Thursday, October 05, 2006

St. Francis minus the myth

Elizabeth Lev has a brilliant write up (also at Zenit) highlighting some of the lesser known aspects of this often misunderstood saint.
Assisi itself furthers the image of an ecology-loving, animal-hugging Francis, with illustrated stories of dancing friars in meadows and conversations with birds. He comes across as a kind of fun-loving, 13th-century Dr. Doolittle.

But Francis was prickly and difficult for people in the 13th century, quite different from the modern picture-book version.

Francis was the son of a wealthy cloth merchant. Not landed aristocracy, Francis' father belonged to a new, rising Italian class who had worked their way out of peasantry through trade. Francis' father had great hopes for him, and was determined that Francis would never know want, the way his parents had.

Standing in Assisi, one wonders what we would have thought had we been bystanders as the umpteenth fight broke out between Francis and his father. We might well have sided with Francis' father. He had worked all his life to give Francis fine clothes, good food and a warm home -- and all the thanks he got was a kid who stole from the family shop and spent all day hanging around the town outcasts.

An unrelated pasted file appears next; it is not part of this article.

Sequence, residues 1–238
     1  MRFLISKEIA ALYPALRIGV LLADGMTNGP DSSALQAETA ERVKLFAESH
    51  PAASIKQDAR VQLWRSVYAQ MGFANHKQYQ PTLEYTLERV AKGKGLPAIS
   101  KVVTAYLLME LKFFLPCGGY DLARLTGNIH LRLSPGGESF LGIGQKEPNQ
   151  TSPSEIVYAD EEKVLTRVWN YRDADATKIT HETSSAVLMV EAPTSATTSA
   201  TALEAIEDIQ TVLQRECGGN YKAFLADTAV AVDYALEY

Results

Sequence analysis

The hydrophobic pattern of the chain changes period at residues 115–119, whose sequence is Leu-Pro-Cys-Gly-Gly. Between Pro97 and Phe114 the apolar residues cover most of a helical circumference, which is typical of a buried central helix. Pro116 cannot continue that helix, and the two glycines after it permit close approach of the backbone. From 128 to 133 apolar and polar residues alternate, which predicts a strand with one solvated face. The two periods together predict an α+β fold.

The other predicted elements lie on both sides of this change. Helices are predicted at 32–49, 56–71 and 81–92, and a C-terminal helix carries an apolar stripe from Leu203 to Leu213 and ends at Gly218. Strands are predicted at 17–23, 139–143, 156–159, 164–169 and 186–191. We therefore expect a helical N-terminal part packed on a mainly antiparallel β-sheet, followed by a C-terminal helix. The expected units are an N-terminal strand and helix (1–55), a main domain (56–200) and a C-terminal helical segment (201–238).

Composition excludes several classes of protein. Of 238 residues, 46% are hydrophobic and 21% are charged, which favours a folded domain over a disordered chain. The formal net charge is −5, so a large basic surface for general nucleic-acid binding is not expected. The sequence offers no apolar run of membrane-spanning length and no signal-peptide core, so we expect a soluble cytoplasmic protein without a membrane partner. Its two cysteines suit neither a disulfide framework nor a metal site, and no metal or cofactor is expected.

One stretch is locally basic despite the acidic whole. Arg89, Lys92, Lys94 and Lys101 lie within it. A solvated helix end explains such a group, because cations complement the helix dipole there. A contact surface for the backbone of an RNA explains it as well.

What would we have made of Francis as he stripped off all his clothes and threw them at his father, renouncing his family name? Would we have immediately understood, as Francis rejoiced that he would now only have his "Father in Heaven"?
[snip]
Francis is perhaps best known as the author of the "Canticle of the Creatures" -- today touted as a kind of ecological manifesto -- but while everyone can remember the part about "Brother Sun" or "Sister Mother Earth," few recall "Sister Bodily Death," who seems to be an uncomfortable medieval leftover. But "Sister Death" is precisely the point of the poem, the warm tone of the canticle stops abruptly when Francis admonishes, "Woe to those who die in mortal sin!"

Addressing all of his followers, Francis wrote frightening words on the fate of him who dies in mortal sin. "The devil tears his soul from his body with so much anguish and tribulation," Francis wrote. "Worms eat the body; and so perishes body and soul in that brief life span and he shall go to hell."

So this year, to honor the feast day of St. Francis, patron of Italy, perhaps instead of just recycling our trash or adopting a pet, we should pray for luxury-loving, increasingly secular Europe to rediscover its Christian identity and soul.

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